Volume III - No. 1
THE HISTORY AND STATUS OF INTERPRETIVE WORK IN NATIONAL PARKS1
By Carl P. Russell,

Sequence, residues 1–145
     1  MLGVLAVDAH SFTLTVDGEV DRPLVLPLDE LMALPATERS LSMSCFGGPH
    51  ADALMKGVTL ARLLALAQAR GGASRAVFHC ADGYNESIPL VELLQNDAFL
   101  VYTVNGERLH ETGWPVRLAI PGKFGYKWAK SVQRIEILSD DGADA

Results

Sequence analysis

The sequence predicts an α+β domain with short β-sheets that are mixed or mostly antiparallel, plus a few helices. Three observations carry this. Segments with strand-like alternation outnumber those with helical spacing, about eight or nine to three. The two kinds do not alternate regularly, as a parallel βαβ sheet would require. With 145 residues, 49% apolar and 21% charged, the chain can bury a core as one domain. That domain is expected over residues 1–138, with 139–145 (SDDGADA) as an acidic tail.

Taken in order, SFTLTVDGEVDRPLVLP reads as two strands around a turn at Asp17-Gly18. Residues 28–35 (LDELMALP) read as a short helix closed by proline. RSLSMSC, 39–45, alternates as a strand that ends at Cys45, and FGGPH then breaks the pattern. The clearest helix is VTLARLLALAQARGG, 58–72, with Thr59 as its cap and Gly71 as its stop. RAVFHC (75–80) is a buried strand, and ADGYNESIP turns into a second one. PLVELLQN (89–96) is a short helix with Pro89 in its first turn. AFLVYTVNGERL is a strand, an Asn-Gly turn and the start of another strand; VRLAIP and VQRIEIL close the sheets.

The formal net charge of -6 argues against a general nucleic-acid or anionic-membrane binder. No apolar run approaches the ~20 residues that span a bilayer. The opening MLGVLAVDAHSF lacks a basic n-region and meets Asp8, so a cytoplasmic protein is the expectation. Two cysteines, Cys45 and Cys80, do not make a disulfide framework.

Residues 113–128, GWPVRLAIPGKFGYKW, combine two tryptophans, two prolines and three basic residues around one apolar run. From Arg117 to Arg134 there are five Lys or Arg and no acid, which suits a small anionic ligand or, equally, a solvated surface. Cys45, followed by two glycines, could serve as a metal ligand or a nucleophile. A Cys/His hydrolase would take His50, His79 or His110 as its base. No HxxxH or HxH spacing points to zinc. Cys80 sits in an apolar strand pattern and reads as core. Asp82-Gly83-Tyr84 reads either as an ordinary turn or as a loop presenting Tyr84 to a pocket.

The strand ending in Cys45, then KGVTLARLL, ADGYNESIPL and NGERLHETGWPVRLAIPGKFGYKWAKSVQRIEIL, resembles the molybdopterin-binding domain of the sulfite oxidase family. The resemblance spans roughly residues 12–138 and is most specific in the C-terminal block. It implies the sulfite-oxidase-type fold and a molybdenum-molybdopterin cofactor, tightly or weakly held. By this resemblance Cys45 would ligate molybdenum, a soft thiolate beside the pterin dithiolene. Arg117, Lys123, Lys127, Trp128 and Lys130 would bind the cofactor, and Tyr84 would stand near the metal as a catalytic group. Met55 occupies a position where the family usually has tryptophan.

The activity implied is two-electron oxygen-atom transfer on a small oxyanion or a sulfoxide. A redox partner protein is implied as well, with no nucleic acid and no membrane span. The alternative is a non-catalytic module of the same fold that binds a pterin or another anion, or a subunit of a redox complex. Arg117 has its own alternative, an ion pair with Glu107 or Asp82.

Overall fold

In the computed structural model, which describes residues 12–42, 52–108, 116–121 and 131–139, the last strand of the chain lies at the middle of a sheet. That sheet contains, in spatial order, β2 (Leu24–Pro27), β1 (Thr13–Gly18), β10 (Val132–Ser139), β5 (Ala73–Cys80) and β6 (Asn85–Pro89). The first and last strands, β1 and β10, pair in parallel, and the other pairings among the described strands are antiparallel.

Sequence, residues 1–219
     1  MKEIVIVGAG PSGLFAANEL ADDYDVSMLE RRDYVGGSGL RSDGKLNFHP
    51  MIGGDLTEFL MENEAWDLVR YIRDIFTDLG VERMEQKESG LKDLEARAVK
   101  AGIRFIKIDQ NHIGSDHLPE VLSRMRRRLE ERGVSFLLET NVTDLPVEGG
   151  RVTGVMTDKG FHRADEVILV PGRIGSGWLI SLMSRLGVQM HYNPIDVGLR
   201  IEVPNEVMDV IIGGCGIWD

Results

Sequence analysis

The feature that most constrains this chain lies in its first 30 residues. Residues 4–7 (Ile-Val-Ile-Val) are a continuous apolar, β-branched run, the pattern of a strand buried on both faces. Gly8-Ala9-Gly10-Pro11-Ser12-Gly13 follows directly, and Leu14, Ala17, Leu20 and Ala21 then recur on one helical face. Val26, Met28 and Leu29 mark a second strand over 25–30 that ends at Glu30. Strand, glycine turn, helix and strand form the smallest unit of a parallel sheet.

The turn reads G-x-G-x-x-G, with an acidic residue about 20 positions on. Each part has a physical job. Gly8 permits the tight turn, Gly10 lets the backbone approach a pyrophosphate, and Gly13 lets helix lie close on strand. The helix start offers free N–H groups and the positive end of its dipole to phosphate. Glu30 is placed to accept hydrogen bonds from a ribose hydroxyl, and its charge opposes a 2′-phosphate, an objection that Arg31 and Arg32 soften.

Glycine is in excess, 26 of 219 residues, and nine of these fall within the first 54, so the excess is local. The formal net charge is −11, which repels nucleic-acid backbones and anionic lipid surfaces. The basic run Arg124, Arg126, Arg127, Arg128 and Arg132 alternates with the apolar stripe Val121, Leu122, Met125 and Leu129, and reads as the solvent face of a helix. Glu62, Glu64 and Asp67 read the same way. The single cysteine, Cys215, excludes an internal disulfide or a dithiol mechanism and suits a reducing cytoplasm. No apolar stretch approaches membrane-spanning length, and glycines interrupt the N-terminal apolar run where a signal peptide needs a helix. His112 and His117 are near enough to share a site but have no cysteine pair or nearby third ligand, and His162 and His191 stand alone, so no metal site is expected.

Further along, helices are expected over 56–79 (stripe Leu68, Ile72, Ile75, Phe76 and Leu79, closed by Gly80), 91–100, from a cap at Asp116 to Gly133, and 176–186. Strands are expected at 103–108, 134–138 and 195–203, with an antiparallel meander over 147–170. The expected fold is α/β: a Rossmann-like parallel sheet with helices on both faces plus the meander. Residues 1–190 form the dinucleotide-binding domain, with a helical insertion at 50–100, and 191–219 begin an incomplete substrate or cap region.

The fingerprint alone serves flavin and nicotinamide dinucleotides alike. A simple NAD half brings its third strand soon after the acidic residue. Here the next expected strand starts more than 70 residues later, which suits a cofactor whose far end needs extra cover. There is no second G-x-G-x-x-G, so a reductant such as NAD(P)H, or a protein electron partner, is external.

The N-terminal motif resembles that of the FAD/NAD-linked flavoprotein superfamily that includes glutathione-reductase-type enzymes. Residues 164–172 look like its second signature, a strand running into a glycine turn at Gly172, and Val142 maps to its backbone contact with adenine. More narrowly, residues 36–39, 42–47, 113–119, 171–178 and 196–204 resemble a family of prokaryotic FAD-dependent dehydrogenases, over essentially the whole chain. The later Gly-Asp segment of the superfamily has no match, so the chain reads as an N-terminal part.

When Stephen T. Mather assumed the directorship of the national parks in 1916, he determined at the outset to make the park system known and understood. Publicity and educational endeavors were made a part of his projected program even before a staff had been organized. Surveys of outdoor educational methods and nature teaching as practiced in several European countries had been made in 1915 by C. M. Goethe and his reports of the success of this work had inspired a few Americans to establish similar educational work in the United States. The California Fish and Game Commission in 1918 sent its educational director, Dr. Harold C. Bryant, into the Sierras to reach vacationists with the message of the conservationist. Yosemite National Park and the playground areas about Lake Tahoe witnessed the introduction of "nature guiding" during two summers prior to the inclusion of the work in the field program of the National Park Service.